Escaping Paris and going for a long ride starting from « intra-muros » (central Paris) remains an improbability for the majority of Parisians. Generally for the pretty good reason that cars reign supreme in Paris, for decades the town planning has been shaped to make the world’s most beautiful city a paradise for cars. Fighting your way through interlacing roads and suburbia is not an easy task.
But things are about to change. Cycling is booming and the recently elected green mayor, Anne Hidalgo has launched a vast program to transform Paris into one of the world’s finest cycling cities. Until these changes are made, Strava Local is here to help with a selection of verified routes that avoid busy main roads whenever possible. These routes are based on the most popular Strava cycling activities in the region.
Culturally there is some sort of tough love between central Paris and its suburb. Many Parisians avoid crossing the « périphérique » (the express way circling the city) unless they really have to. Many see it as an urban sprawl lacking character, this is not always the case. The outskirts are so diverse, they can be very green, hilly, picturesque and are full of architectural curiosities.
The Bicycle Store is a cycling shop in Paris with a difference, they are actively helping with the modern revival of cycling in Paris. We joined their team to test one of the Parisian Strava Local routes. They picked a long ride in the Chevreuse Valley, the well known playground for cyclists in the Paris region.
There are many different ways to reach the valley, and this specific route gets you out of Paris through the south west via the neighbouring suburb town of Boulogne-Billancourt.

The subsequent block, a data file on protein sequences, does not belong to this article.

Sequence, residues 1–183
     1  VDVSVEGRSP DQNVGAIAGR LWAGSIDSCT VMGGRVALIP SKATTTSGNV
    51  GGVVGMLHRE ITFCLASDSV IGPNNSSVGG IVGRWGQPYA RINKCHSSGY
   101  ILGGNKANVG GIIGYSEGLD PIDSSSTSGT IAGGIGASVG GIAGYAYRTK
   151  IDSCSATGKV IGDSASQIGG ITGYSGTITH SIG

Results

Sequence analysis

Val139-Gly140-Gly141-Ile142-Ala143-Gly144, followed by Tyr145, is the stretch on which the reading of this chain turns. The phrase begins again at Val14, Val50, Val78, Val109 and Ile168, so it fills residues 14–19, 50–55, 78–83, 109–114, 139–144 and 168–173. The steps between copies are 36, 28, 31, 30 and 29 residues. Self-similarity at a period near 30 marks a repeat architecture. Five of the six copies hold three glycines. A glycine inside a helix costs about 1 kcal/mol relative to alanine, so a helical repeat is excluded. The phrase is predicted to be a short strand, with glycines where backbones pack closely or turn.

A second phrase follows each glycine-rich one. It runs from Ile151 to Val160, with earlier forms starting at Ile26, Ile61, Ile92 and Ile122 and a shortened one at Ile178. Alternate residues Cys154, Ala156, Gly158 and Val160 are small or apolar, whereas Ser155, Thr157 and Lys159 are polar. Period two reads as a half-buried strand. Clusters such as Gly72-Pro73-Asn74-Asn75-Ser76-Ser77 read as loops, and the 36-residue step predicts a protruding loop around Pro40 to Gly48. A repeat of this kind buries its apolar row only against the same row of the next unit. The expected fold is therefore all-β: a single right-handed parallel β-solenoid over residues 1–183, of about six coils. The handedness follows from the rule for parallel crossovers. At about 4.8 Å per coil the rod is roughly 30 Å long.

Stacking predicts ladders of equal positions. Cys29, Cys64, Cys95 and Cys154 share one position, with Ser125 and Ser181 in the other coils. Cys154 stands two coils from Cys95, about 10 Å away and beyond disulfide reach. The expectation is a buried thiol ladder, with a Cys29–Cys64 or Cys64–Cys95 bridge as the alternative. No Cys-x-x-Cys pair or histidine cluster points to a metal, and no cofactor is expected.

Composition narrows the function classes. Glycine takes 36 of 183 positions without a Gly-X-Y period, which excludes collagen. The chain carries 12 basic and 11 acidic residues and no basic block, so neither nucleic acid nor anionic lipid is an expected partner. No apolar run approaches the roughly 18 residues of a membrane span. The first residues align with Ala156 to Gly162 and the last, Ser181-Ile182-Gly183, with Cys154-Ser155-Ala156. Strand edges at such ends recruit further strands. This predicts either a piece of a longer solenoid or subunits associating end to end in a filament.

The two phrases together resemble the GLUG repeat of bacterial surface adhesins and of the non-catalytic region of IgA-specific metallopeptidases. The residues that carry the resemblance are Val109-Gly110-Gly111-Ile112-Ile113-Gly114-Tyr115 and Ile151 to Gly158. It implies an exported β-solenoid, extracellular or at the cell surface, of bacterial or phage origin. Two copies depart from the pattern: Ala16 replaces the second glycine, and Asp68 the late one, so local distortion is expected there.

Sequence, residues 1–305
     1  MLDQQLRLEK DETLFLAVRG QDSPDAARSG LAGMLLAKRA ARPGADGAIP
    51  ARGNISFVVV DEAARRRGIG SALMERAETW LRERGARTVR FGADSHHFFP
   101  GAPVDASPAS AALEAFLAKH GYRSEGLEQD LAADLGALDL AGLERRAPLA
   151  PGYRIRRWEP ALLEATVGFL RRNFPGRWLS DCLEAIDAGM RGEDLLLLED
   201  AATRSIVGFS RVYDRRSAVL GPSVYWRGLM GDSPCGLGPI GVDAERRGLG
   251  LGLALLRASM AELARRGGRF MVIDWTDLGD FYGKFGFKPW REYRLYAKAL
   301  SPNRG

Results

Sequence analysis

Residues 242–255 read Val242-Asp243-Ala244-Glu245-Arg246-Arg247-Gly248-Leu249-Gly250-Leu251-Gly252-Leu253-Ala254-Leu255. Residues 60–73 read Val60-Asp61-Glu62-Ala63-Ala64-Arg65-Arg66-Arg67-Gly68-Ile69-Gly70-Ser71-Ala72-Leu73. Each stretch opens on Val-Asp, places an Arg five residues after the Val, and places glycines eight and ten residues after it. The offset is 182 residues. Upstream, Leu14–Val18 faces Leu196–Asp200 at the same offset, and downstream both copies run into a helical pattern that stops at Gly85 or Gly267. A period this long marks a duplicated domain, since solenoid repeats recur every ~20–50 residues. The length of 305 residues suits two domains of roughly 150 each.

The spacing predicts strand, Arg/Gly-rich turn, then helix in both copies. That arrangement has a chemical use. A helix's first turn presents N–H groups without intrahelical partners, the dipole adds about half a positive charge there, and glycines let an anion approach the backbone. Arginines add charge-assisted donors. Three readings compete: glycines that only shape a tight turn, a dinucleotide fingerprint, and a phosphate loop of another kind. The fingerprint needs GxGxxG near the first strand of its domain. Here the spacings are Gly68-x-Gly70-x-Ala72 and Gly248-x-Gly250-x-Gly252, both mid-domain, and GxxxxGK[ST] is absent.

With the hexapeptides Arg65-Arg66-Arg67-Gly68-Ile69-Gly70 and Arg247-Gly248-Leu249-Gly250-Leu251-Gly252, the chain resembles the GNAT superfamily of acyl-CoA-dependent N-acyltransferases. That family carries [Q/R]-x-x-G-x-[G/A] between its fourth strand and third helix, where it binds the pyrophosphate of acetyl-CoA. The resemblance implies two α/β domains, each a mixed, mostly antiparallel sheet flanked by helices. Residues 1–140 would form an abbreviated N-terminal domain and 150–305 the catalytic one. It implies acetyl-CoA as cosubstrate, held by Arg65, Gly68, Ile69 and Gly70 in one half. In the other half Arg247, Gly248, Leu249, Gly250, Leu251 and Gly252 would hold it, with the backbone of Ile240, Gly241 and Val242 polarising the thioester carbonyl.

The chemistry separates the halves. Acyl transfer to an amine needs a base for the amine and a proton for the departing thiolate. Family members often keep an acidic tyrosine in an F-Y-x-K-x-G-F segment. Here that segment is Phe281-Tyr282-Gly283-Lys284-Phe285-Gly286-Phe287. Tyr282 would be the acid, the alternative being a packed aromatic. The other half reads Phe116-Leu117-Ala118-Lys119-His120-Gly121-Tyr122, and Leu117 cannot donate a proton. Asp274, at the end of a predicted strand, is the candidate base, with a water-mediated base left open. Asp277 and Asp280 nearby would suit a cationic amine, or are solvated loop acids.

But firstly, you have to cross Paris which is beautifully calm early in the morning on the week-ends.
When you head through Western Paris you know that at some point you will face some climbs and this particular itinerary crosses Sèvres, this is where the first uphill challenge starts.
You quickly reach Versailles which is certainly a must stop for tourists but not really a must for cyclists, visiting the Hall of Mirrors in lycra and cycling cleats is not necessarily advised!
Of course it’s not that the historic city isn’t of interest, it actually represents a marker when aiming for the Chevreuse, it indicates that you have left the sprawling city behind and have some climbing ahead of you…
After around 45km you really hit the countryside, cruising on a plateau in open country with fields stretched as far as the eye can see, where the legends such as Jacques Anquetil or Laurent Fignon used to train in the hard cold winters. The area is no doubt a good terrain for Time Trial training. This is where you can test your resistance to intense efforts at hight speed before reaching the first descent in a really charming valley.
When in the valley, it’s all about riding 60km at nice pace on hilly and sinuous roads crossing woods and charming villages. Here you’ll have numerous opportunities to refill your bottle and stop in a boulangerie before climbing back on the plateau through the iconic 17 Tournants (17 Turns), often featured on the final stage of the Tour de France leading to the Champs-Élysées.
The final challenge leads the team to the highest point of the ride in the forest of Meudon, a great spot to enjoy a vista of southern Paris and a fitting reward after several hours in the saddle. Finally it’s a steady roll back into Paris.
Need some help finding a route in a city you don’t know, or some inspiration in one you do? Strava Local pages can help, and the Strava Route Builder and Heat Maps can help you create a ride to suit your needs wherever you are in the world.
Photos: Antton Miettinen